580 flight delays, nine cancellations, thousands of frustrated passengers and millions in lost productivity—that is the legacy of the United Airlines IT failure in late August.
United initially explained, “The outage was caused when a piece of communication equipment in one of our data centers failed and disabled communications with our airports and web site. We have fully redundant systems and we are working with the manufacturers to determine why the backup equipment did not work as it was supposed to." This situation is a classic in the world of risk management, similar to a recent workshop I led when a creative team was asked to design a scenario with the independent failure of multiple components.
United stated that its hardware failed to communicate. In these situations, there are usually broader human failures to communicate. IT risk professionals can use this to remind their CIOs and business leaders of the history of failures at a range of companies. Yet, the message is more than just looking back at past quagmires. Leaders will propose actions to better manage such risks in the future.
From United’s pain, IT professionals can learn and act on three critical lessons:
- It is about systems. Organizations are getting better at managing risk in components. But the real world is not about neat and tidy components. It is the world of systems—interrelationships and dependencies. Life is messy. Airlines and logistics in general are great examples of systems. In this and other failures, multiple devices were involved; further, Hurricane Isaac recovery was underway.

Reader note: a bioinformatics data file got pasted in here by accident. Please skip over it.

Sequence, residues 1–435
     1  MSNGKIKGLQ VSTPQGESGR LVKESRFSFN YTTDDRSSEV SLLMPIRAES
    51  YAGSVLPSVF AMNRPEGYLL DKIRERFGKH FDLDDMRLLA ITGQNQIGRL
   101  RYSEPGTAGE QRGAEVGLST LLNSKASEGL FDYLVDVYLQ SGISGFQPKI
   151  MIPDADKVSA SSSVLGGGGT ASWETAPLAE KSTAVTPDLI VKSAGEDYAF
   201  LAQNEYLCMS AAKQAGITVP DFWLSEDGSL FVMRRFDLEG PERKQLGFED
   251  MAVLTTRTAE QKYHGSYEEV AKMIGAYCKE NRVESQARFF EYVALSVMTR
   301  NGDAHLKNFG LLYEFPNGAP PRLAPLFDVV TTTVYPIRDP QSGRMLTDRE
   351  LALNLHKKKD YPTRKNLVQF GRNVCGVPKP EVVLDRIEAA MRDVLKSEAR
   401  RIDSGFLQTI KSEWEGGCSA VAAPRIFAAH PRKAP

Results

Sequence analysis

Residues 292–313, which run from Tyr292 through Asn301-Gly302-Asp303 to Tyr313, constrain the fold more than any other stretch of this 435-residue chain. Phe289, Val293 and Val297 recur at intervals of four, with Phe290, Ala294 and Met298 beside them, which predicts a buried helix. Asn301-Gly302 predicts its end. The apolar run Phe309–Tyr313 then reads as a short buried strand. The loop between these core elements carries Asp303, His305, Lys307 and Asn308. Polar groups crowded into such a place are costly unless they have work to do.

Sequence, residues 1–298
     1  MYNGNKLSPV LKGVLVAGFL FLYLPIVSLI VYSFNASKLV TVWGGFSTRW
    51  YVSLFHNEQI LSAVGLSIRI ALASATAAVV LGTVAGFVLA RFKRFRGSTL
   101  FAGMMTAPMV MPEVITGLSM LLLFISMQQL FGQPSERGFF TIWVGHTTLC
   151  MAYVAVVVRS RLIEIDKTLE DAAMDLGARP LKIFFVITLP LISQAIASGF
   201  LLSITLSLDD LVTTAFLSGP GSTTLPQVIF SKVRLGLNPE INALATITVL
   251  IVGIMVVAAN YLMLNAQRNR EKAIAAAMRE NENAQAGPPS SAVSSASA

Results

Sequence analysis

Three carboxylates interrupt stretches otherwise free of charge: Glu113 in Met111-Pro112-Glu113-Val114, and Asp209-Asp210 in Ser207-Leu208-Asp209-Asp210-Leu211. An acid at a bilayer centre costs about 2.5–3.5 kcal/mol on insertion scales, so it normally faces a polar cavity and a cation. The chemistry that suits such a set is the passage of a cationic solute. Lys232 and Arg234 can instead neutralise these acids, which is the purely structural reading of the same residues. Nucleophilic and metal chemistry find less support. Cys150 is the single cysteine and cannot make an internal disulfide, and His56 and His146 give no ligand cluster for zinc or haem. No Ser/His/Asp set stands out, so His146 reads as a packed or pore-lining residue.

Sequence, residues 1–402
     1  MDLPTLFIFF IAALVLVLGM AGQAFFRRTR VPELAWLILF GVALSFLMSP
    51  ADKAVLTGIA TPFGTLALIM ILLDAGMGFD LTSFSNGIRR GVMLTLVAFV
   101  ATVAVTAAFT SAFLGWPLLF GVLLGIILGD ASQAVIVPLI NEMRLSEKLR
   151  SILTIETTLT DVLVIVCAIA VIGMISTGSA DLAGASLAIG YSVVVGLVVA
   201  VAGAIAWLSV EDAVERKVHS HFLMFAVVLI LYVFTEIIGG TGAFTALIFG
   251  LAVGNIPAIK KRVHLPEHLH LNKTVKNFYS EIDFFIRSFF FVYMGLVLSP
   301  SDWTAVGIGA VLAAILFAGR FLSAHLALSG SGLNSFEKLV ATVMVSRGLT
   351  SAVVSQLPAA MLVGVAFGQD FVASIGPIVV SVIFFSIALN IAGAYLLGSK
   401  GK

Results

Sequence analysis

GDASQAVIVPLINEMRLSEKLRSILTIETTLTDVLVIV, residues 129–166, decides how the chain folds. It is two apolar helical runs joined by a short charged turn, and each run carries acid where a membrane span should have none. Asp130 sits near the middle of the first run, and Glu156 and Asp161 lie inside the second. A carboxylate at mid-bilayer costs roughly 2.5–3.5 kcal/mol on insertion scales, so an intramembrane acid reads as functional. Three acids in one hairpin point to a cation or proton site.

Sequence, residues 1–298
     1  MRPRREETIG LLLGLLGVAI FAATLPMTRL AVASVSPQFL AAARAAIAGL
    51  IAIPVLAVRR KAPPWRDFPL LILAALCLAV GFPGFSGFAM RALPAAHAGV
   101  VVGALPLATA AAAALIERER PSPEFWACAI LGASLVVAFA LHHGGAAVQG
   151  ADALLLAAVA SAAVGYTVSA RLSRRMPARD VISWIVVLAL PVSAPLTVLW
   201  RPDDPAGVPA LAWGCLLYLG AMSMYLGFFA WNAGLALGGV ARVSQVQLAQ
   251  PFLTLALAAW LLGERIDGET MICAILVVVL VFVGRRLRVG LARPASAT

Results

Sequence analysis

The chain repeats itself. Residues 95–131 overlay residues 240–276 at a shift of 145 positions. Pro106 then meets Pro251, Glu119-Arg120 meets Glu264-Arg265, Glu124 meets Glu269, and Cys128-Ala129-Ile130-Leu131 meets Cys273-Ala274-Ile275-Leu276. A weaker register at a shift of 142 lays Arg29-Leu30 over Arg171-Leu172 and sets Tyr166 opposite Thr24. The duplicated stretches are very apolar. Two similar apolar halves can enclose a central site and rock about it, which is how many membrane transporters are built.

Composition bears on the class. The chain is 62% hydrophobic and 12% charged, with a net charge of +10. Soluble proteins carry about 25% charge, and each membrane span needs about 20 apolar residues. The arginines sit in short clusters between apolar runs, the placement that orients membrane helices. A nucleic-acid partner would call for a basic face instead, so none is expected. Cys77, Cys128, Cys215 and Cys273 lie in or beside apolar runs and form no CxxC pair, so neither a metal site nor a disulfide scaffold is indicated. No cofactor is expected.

- It is the little things. There is a tendency in risk evaluation (especially continuity exercises) to look for the big causes, such as fire or flood. But many of the worst messes (especially in IT-land) start with little causes that cascade.
- Expect failures related to people, process and technology. In particular, expect real-world situations where one failure complicates another. Remember the three horsemen of risk—change, complexity and human fatigue.
These three lessons lead to action for improvement:
- Scenario analysis that is more lifelike and robust. Scenario analysis is known as the “heart of risk management” for good reason. Poor scenario analysis results in poor ability to recognize problems unfolding, prioritize actions, improve capabilities and react appropriately.
- Plan Bs built directly on scenarios, resourced and ready to respond to the inevitable shocks to the system. Key is the system’s (people, process and technology) ability to take a hit and keep flying. This is about strengthening capabilities in oversight, management and business process to deal with inevitable failures in capabilities or shocks from the environment.
- Practice. A classic test is to walk into a data center, randomly unplug a cable and/or turn off a switch. How ready are you really? As part of your test, write your news release. What does your president want to say? Are you able to deliver? If not, it is time to communicate.
Resources for you: For more on the risk-management process, see ISACA’s Risk IT based on COBIT here. For more on good IT-management practices, see COBIT 5 (which incorporates concepts from Risk IT) here. For more on the specifics of scenarios, systems, root cause and Plan Bs, see The Operational Risk Handbook here.
Principal Analyst & Advisor, ValueBridge Advisors
Brian Barnier, ValueBridge Advisors, is an analyst and advisor who shares his commentaries from the floor of the NYSE and the NASDAQ MarketSite. He is the author of The Operational Risk Handbook (Harriman House, London, 2011) and contributed to Risk Management in Finance (Wiley, New York, 2009). email@example.com
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